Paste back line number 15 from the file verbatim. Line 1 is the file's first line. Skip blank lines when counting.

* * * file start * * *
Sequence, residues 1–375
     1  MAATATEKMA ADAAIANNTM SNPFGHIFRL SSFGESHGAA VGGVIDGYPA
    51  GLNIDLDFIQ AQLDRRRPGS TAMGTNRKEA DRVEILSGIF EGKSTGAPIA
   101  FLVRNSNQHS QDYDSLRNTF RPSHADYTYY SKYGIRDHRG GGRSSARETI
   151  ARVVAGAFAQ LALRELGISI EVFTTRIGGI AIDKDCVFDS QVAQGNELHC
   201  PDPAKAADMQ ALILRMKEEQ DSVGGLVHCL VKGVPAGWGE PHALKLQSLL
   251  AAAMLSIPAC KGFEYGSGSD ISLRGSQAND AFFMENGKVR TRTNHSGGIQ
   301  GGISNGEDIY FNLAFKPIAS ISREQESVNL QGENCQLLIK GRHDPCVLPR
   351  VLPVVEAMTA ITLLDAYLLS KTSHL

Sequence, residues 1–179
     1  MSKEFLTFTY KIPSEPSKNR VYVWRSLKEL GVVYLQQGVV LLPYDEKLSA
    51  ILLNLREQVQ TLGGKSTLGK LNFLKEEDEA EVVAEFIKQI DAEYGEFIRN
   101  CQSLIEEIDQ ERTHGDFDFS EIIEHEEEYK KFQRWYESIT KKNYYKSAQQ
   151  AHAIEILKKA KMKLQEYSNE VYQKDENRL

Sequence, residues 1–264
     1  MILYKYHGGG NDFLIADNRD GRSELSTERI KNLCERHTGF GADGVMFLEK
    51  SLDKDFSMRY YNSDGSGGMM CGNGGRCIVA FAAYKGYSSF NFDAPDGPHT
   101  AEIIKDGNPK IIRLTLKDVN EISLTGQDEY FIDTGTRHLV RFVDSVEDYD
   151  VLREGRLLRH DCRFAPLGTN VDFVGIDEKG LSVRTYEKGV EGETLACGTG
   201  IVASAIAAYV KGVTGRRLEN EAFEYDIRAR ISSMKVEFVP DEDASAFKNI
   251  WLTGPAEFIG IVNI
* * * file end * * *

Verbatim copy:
Sequence, residues 1–264